Hadn’t actually thought of the rules of professional sports leagues as a market design issue before, but Richard Epstein’s column in Forbes proposing rule changes for soccer suggests the idea. Epstein suggests a couple of changes, drawing on basketball and hockey for inspiration:
- First, he says goals scored in the run of play be granted two points, like a basketball shot, while penalty kicks remain worth a single point.
- Second, yellow card and red card infractions should be penalized with time in a hockey-like penalty box.
With soccer the most popular sport in the world, it isn’t immediately obvious that it is in need of reform. Why tamper with all that success? Yet, Epstein has some good points. Sometimes a minor foul in the 18-yard box results in a game-winning penalty kick, while a much more serious foul just outside the box leads to a mere free kick. A red card near the beginning of a match is a much harsher penalty than a red card near the end of the match.
One argument for reform is fairness-based: penalties should be proportionate to the foul committed. A better line of argument (at least to my way of thinking) comes from market design thinking: what incentives do the rules create, and does the resulting behavior add to or detract from the game? Consider a striker heading to goal and making slight contact with a defender in the 18-yard box: does the striker take a dive in hopes of gaining the all-but-certain penalty kick goal or shake it off and take a shot in the run of play? Epstein’s rule change would offer an incentive to the striker to choose athleticism over a theatrical dive, surely an improvement.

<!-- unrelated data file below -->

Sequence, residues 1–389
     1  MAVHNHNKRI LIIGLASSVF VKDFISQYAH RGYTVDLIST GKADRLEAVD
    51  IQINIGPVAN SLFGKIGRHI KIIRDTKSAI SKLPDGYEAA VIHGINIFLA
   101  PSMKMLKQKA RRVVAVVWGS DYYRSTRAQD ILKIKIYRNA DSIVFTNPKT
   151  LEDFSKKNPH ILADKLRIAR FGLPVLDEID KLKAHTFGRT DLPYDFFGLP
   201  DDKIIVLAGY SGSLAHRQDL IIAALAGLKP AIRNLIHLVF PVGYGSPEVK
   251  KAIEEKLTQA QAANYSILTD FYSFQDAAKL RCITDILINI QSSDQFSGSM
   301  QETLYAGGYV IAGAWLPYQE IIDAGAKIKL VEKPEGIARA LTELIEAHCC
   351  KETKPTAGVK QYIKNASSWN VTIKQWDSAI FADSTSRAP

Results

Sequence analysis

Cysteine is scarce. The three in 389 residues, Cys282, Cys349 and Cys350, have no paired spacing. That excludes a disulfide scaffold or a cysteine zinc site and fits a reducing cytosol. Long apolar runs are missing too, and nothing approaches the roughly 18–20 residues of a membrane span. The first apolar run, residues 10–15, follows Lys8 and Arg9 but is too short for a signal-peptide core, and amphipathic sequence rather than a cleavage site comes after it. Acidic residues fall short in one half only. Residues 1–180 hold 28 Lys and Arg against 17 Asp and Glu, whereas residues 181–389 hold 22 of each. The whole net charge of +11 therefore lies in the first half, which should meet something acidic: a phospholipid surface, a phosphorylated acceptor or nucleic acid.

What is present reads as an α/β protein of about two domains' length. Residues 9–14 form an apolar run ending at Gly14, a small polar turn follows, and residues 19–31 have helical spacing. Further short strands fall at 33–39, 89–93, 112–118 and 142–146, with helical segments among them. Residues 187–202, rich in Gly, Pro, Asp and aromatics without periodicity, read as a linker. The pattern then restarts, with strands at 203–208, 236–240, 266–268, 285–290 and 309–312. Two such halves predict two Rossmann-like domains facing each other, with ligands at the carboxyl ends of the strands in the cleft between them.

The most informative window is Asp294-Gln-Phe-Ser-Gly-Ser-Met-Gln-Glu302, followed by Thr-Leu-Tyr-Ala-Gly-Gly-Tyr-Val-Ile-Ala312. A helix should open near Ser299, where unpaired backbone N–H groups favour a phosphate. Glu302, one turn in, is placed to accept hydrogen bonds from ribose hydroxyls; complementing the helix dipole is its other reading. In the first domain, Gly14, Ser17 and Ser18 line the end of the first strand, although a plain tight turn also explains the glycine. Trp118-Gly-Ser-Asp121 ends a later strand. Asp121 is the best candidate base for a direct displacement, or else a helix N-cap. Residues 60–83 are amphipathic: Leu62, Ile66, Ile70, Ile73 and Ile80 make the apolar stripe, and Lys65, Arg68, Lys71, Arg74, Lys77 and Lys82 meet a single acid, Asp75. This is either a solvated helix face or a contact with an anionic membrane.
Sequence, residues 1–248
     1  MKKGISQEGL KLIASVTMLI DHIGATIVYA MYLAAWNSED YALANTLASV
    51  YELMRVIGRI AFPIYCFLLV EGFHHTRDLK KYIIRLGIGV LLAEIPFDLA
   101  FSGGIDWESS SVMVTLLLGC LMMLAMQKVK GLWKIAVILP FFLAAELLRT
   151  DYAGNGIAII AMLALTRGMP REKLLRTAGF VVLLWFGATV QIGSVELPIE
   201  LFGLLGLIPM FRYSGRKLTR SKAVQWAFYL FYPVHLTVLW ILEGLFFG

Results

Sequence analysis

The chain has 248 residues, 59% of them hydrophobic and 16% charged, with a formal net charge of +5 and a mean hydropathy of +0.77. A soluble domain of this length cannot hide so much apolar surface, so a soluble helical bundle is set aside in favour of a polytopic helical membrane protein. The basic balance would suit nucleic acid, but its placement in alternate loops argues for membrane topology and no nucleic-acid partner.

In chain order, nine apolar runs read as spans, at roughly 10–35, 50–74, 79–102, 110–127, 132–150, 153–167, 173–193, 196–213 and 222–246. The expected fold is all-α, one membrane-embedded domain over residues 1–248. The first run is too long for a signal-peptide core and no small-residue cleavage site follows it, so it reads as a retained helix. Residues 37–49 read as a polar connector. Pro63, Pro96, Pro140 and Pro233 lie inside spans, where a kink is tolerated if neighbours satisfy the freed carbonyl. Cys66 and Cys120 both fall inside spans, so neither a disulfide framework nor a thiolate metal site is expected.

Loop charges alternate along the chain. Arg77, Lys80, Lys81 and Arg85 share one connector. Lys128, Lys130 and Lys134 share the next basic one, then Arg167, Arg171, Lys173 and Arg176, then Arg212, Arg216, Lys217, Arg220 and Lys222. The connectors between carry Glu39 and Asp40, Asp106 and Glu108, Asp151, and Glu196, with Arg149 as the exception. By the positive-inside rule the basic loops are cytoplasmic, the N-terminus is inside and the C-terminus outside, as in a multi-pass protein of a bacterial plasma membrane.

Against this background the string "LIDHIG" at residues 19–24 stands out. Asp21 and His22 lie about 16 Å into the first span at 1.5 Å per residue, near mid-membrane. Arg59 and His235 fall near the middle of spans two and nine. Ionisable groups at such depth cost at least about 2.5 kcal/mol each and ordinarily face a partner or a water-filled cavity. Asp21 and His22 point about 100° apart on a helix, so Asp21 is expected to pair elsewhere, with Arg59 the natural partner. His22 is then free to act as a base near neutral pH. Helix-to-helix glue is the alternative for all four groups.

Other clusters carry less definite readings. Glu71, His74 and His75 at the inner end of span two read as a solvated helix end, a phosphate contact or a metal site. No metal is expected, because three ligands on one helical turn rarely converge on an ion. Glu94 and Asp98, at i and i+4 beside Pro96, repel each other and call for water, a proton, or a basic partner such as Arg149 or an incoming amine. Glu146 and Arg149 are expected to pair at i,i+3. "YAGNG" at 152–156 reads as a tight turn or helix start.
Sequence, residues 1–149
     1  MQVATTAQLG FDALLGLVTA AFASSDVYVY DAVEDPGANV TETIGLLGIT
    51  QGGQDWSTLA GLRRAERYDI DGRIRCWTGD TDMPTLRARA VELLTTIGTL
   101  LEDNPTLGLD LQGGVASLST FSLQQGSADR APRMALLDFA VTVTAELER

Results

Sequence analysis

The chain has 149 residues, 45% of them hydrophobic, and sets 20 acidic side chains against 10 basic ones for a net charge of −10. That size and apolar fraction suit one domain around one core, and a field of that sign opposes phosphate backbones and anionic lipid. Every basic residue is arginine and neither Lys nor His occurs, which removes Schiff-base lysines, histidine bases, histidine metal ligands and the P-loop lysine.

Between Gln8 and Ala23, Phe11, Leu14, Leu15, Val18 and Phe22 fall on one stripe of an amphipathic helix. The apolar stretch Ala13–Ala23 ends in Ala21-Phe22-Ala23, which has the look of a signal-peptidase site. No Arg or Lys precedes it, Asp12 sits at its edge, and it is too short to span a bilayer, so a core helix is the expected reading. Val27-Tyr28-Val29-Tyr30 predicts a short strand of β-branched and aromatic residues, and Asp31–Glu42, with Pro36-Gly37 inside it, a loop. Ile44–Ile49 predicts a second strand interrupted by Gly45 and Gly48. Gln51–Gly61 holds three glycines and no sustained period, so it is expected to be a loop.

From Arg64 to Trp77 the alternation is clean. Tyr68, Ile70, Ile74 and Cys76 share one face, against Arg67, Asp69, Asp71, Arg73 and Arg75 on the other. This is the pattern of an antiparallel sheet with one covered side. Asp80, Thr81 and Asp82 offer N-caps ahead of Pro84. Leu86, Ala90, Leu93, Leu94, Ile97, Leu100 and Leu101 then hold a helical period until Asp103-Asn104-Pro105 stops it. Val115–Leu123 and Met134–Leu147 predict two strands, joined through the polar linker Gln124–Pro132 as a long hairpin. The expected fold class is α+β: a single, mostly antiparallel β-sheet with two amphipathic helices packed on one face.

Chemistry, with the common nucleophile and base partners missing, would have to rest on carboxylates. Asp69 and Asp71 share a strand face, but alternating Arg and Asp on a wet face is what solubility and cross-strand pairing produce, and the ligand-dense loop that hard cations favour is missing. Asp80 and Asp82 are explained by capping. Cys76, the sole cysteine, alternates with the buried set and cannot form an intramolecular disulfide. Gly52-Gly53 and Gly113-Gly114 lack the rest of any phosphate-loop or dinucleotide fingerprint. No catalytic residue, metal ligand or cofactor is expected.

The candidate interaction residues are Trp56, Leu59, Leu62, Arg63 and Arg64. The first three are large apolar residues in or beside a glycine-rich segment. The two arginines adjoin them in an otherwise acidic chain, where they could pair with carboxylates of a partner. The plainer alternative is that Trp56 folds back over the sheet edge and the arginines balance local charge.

Epstein’s proposals may not be the best, but they are worth exploring. I join him in calling for experiments on the topic! Let’s see if the rule changes would bring about desirable changes in performance.